Newbie looking for advise, direction,

Hello my name is Manny like most people that come to this site, I am thinking of starting my own pizza company. I have been looking online for information and stumbled onto this forum which seems to be great so far. My initial thought, of course. How much do I need to start up? Due to bad credit I will not be able to get any loans. No partners, just me and my wife. I do have some cashed saved, I recently got laid off due to the economy, with a promise from my boss that I will get called back when it picks up.

I will work full time at the pizza place, I am a very hard worker and am used to work tons of hours which I have no problem because I am dedicated, and from my thinking if I’m going to bust my A$$ I might as well do it for my self instead of making my boss rich. My wife is very understanding when I work long hours because she knows it’s always for our family.

First I have no experience in the pizza world; I would like to start off very small, with a pick up delivery place something like a little Cesar’s pizza. Maybe some more options like subs and calzones if I have the cash for the equipment. So I need a very small unit, enough for conveyor oven some elbow room and storage. The city I have in mind does not have too many pizza places near and is surrounded by tons of house and more home are in the process of being built. As well as shopping centers which is why I want to try and open up shop and get established with all the new residents before they get used to another pizza place that if another one opens. I think I have a great opportunity here to bond with the city before it really gets big. Does anyone know what kind of cost I am looking at to start a small place like this?

I found this information that I can buy that supposedly give me all the information together I am thinking of buying the digital copy to save $50 I am sure it is all free information but if it is well put together it may be worth it VS my time online that way if I’m sure I can afford to open up shop I can get to work on finding the exact spot, equipment etc… sorry so long winded. My head is just going crazy try with questions… any suggestions, advise I would appreciate it.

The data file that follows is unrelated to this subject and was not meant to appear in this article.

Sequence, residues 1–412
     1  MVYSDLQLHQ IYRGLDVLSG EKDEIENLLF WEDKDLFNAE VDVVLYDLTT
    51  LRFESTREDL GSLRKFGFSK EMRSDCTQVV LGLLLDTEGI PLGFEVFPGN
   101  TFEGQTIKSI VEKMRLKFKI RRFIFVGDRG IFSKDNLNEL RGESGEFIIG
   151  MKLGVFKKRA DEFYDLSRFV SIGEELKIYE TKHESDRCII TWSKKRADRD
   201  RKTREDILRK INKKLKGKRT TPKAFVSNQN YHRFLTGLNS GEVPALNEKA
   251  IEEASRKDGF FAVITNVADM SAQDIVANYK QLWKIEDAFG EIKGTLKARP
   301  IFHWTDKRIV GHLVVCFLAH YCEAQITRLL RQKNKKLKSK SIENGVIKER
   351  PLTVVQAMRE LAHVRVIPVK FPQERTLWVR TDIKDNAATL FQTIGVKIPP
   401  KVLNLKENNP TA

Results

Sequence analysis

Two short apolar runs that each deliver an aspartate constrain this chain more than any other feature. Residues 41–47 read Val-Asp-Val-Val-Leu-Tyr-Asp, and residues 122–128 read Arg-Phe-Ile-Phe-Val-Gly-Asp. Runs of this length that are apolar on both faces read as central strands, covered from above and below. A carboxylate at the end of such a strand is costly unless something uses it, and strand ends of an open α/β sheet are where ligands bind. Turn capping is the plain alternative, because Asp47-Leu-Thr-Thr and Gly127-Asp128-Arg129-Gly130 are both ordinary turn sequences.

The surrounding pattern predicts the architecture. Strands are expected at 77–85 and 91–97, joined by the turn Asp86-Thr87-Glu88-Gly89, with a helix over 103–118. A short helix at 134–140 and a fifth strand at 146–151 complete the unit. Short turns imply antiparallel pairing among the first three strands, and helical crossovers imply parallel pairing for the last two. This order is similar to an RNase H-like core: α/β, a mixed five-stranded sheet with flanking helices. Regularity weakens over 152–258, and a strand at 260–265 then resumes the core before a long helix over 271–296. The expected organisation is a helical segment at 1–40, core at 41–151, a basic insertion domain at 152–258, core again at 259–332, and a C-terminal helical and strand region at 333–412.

Manny, I hate to be the first but you will hear this from the many on here that have been in the restuarant business for a very long time as they respond…but even the smallest of startups require lots of capital to get going. There are so many expenses that people just do not see or understand in the process. Yes you can by used equipment and start really small…but add in the buildout of the space, the health dept requirements, insurance, stocking for that first day, reserve funds for months if needed…you say your credit is bad…there goes pretty much any type of bank financial assistance even if you needed it. Not too mention your lines of credit with vendors for your supplies. I will throw out $100k to start a small delco operation at the minimum. There are a few here that have succeeded with much less or found that perfect setup in a closed out location that saved them tens of thousands of dollars…but you do not fall onto those often. I know everyone wants to be their own boss and make the money for themselves… problem is the saying “it takes money to make money” holds very very true in the restuarant world. Best of luck too ya!

thanks for your input, yes it does take money to make money i have always believed in that. obviously $100k cask is out of may range, my bubble is bursted on the first reply lol just kidding i really had no idea what it would cost for start up, that’s why i asked here.

I’ll second qfcmike’s comments. 100K is a very realistic number. I bought my first store for 35K fully built out with almost new ovens, walk-in etc but by the time I added a few items it needed like a freezer, a sign, a bunch of dough trays etc and covered startup expenses and operating losses until the place broke even I was about 120K into it.

My second store also cost me 35K. We added some equipment, a remodel etc. All-in the cost was about 80K.

Sorry for the bursting of the dream…but I would rather you burst the dream instead of the thousands of dollars you would take the hit on if you tried to start and ran out of money. That would hurt a lot more and a lot longer. Don’t give up…just take a harder look and learn the business first. It is not a storefront and making a pizza…it is SOOO much more.

My best business advice would be to “stick with what you know.”

The reason I run a restaurant is because that’s what I worked at in High School and how I paid my way through college. When it came time to open my business after graduation, I choose a delco pizzeria because it was what I knew best. Had I worked at something different, that knowledge and experience would have determined the type of business I opened. Oh, how I wish I had done something different!